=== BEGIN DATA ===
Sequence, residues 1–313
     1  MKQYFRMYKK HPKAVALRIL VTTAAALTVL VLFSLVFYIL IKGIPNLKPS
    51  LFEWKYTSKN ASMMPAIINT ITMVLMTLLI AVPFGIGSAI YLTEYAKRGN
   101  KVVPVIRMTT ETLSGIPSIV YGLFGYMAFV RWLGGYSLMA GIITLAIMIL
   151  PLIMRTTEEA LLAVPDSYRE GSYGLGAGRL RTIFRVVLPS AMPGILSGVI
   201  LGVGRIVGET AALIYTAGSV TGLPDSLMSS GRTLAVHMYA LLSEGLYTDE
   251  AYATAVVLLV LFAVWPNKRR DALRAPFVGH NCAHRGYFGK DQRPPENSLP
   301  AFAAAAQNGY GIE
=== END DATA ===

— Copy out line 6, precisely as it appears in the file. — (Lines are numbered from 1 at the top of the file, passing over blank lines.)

   201  LGVGRIVGET AALIYTAGSV TGLPDSLMSS GRTLAVHMYA LLSEGLYTDE